the gateway effect of traffickers pushing harder drugs.

Mujica's courage should not be underrated. His is a gently 
old-fashioned country, and two-thirds of those polled oppose the 
move, though this is up from 3% a decade ago. In addition some 
pro-legalisation lobbies object to his de facto nationalisation. An 
open question is whether a state cartel will be as effective as a 
regulated free market.

But the drugs chief, Julio Calzada, is blunt: "For 50 years, we have 
tried to tackle the drug problem with only one tool - penalisation - 
and that has failed.

As a result, we now have more consumers, bigger criminal 
organisations, money laundering, arms trafficking and collateral damage."

The response of the UN's International Narcotics Control Board has 
been to incant futile bromides.

The move, says its chief Raymond Yans, would "endanger young people 
and contribute to the earlier onset of addiction". It would also be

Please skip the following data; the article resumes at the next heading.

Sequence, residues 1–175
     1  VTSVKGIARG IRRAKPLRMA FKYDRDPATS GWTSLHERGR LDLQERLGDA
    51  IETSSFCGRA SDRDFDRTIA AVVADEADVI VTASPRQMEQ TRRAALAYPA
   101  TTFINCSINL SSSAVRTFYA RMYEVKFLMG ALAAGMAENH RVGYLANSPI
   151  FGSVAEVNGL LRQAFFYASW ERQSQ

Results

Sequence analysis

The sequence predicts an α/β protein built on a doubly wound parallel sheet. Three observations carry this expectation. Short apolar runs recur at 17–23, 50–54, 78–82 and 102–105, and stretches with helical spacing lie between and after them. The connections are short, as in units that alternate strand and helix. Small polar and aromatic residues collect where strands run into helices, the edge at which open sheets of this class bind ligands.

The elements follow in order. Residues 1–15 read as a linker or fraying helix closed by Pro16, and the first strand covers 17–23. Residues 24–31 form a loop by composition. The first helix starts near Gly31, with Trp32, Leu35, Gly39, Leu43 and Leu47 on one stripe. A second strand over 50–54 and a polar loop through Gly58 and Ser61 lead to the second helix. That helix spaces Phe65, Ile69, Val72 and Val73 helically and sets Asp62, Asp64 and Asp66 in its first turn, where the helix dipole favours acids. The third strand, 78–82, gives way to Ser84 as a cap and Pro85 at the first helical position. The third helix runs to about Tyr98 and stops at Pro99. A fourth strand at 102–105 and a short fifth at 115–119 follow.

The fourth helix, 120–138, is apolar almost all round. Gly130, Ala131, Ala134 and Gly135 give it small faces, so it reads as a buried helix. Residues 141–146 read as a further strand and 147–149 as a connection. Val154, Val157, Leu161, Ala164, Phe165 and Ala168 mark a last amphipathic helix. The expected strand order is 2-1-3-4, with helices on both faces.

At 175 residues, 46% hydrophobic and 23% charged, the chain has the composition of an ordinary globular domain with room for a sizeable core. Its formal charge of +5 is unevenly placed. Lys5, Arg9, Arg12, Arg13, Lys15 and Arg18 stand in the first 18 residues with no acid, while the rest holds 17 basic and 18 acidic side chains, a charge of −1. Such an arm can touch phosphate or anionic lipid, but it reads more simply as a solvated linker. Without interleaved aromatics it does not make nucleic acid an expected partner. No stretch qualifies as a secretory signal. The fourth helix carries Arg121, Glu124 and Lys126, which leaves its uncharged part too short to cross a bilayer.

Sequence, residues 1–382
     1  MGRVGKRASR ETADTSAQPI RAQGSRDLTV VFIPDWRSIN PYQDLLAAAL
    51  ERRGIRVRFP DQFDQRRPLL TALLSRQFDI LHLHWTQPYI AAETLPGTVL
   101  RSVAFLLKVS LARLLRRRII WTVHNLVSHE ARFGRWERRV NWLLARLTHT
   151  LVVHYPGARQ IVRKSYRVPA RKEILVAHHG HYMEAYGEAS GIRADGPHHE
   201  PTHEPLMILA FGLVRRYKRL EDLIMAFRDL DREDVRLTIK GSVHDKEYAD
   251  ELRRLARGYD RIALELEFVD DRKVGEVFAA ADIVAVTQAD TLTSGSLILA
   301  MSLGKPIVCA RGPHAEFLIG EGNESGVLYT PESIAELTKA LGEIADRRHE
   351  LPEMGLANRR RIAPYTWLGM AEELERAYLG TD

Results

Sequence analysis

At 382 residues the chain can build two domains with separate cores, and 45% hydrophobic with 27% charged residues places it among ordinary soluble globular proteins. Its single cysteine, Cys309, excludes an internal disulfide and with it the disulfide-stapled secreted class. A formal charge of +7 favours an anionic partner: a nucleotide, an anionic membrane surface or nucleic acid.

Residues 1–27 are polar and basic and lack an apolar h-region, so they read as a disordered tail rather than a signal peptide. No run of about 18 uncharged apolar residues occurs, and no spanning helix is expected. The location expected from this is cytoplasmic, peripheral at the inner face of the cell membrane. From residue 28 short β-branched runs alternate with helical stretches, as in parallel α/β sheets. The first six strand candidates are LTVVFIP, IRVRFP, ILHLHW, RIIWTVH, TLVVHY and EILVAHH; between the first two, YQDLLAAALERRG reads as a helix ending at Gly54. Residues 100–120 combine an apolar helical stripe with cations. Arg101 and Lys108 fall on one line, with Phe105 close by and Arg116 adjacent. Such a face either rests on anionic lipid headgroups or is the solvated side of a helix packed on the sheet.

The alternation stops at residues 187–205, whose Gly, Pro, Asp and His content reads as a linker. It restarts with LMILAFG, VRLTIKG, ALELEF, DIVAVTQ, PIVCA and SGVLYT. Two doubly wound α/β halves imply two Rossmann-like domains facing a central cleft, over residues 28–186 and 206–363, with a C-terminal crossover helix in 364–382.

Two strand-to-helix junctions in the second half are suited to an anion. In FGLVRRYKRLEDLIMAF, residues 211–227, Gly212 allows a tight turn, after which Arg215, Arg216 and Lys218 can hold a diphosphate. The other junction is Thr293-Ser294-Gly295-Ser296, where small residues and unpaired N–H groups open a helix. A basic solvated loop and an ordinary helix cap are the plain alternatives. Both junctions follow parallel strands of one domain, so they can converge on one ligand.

in breach of a "universally agreed and internationally endorsed 
treaty". Yet the UN admits that half a century of attempted 
suppression has led to 162m cannabis users worldwide, or 4% of the 
total adult population.

The 78-year-old Mujica notes the irony that many of his South 
American contemporaries agree with him, but only after leaving 
office. They include Brazil's Fernando Cardoso, Mexico's Ernesto 
Zedillo and Colombia's Cesar Gaviria, all of whom have now called for 
the decriminalisation of the drug market so that they can begin to 
regulate a trade whose feuding operators are killing thousands of 
people each year. The value of the drugs trade is second only to the 
trade in arms. Yet the US resists decriminalisation so it can 
continue to fight cocaine and opium production in Latin America and 
Afghanistan, to avoid confronting the real enemy: a domestic 
consumption that is out of control.

For all this, the futility of suppression is leading to laws 
crumbling across the west. Twenty US states have legalised medical